Simply put, all of the issues above – to which you can add the ravages of capitalism and the way that colonialism continues to shape our field – are tied to the belief that certain people and groups are inherently disordered and in need of correction. My own research is based around the intersection of race, disability, and language, but, though it does not factor into my book, you can add religion and gender and other axes of oppression to this as well. Unfortunately, we have been forced to reform our field inch by inch, focusing on intertwined issues separately and thus leaving the overall harmful structure in place. As a rhetorical device, I use the diagnostic criteria of the Diagnostic and Statistical Manual of Mental Disorders (aka DSM-5) to make the point that the way our field was built and is currently maintained could be classified as deeply disordered and only isn’t because of who currently benefits from the system as is; more specifically, I map the seven criteria of antisocial personality disorder onto the connection between whiteness, colonialism, capitalism, and ableism and how these and other -isms harm the vast majority of the students – and educators – in the field of language teaching. Whether you end up agreeing with my argument or not, I do hope you give the book a chance to both inform and entertain you, for I believe that our discipline’s conversation has yet to feature the particular angle I am putting forth, and I also believe that we will never get out of our current cycles if we don’t try something radically different, a vision I put forth towards the end of the work.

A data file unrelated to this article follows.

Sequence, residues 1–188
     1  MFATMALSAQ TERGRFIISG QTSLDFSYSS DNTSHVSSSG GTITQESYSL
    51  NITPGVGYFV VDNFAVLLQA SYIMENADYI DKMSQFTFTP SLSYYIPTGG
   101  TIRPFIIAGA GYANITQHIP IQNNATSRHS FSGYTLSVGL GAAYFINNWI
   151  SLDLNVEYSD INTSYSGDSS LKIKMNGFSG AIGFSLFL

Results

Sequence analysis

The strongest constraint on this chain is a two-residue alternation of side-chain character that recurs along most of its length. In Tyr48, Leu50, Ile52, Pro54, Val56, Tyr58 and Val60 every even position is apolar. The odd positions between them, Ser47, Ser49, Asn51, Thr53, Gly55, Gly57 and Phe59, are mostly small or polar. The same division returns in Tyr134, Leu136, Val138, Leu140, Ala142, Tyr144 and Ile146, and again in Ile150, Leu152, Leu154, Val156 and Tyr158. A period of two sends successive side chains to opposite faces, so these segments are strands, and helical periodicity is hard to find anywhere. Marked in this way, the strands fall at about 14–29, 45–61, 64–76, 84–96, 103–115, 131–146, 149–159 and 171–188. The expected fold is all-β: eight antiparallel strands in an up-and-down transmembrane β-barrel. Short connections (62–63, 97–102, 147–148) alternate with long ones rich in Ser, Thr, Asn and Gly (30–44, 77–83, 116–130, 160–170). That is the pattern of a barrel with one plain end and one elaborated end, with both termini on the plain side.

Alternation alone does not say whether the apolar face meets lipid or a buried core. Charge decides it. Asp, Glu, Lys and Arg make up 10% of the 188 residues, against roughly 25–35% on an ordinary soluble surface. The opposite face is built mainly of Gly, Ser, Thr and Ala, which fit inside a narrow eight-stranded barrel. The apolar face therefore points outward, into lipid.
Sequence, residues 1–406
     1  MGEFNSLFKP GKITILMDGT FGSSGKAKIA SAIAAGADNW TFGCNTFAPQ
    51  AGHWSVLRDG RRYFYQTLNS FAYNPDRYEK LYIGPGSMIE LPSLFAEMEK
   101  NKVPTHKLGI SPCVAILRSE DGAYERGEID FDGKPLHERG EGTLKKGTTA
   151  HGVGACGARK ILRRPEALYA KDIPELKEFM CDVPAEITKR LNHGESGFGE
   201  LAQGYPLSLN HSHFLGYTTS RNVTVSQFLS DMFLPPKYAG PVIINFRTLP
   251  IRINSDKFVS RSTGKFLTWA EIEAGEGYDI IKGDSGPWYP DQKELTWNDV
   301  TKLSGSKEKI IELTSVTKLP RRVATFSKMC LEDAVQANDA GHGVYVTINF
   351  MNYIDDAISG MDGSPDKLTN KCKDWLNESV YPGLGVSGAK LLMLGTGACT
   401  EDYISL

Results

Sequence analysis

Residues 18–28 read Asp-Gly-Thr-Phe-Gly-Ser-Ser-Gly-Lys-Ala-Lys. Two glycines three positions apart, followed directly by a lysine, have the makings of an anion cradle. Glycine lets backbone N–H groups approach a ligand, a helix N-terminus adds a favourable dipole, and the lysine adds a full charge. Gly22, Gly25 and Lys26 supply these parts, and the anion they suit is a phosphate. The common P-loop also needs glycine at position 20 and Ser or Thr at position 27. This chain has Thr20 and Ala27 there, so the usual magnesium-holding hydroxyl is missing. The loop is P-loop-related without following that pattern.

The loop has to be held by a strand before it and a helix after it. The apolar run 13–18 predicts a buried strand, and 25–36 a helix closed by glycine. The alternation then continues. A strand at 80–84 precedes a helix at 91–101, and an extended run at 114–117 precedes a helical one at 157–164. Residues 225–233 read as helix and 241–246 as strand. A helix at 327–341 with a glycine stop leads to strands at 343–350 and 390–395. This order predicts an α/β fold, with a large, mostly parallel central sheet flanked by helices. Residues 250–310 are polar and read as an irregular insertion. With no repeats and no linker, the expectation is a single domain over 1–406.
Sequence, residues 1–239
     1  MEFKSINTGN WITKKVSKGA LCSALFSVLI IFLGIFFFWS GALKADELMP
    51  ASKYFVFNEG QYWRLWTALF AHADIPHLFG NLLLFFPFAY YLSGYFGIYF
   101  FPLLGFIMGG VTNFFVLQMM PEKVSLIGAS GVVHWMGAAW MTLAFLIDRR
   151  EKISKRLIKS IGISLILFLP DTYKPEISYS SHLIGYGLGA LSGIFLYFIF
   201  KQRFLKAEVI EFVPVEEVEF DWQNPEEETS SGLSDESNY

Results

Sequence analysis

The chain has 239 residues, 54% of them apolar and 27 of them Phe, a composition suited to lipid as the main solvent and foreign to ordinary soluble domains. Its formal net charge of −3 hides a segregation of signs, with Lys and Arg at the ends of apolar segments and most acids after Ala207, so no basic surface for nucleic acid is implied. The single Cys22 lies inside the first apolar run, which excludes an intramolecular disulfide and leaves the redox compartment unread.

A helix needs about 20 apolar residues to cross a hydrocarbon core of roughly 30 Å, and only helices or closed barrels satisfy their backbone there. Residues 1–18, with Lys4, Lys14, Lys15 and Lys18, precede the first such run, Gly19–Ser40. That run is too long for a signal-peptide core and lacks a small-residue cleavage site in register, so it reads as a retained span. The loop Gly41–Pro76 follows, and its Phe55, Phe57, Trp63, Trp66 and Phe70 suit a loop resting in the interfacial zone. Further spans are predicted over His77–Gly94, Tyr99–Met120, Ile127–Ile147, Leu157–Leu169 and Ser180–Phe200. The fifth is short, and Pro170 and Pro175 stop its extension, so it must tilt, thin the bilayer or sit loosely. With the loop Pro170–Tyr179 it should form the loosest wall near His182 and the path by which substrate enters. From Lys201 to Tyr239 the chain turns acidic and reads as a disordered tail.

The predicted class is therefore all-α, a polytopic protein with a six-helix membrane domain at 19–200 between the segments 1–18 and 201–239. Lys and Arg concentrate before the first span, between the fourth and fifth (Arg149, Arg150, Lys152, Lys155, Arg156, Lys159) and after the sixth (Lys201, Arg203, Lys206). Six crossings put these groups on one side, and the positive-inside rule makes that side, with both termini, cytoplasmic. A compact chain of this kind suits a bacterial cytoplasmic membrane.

The book has just been released, and if you are interested, you can order it here. If you’d like to have a good faith conversation with me about the issues, feel free to find me on twitter: @JPBGerald.